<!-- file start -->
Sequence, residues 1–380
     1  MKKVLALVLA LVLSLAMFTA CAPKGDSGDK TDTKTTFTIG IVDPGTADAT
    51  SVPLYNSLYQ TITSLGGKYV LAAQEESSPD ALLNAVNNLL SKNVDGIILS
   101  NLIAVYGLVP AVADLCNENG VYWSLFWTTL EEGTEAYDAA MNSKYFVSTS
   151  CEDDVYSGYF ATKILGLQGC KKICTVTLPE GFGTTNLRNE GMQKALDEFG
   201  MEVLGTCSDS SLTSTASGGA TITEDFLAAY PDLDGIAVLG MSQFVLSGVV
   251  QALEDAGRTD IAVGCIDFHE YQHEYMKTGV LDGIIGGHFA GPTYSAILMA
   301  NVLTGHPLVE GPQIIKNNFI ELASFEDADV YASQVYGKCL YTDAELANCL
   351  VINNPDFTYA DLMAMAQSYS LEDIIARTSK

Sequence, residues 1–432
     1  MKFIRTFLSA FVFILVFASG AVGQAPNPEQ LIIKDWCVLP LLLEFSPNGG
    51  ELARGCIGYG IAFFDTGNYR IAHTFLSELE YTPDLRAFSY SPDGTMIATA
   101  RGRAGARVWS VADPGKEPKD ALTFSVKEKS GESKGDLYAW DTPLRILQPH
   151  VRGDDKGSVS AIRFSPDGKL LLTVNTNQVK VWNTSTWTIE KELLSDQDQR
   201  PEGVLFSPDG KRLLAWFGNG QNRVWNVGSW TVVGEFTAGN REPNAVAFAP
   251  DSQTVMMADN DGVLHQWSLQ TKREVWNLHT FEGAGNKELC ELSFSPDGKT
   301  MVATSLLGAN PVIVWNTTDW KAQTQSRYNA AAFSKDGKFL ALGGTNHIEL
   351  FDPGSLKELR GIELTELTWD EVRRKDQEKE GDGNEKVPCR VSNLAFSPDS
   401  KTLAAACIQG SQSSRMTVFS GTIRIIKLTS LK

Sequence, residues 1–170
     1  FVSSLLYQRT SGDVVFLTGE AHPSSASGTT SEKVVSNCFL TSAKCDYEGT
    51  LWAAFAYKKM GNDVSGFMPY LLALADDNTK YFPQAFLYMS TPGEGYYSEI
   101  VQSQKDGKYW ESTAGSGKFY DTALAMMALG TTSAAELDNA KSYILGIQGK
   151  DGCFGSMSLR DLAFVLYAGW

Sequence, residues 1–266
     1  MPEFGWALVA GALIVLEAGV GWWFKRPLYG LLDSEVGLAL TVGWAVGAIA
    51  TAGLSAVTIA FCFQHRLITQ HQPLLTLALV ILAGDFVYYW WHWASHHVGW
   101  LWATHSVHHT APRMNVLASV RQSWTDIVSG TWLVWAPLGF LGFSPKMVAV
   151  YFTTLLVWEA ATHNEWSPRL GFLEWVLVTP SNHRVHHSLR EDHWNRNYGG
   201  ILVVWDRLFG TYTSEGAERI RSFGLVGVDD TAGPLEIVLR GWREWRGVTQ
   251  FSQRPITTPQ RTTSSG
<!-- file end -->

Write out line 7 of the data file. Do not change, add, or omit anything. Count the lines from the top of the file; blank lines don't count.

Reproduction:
   251  QALEDAGRTD IAVGCIDFHE YQHEYMKTGV LDGIIGGHFA GPTYSAILMA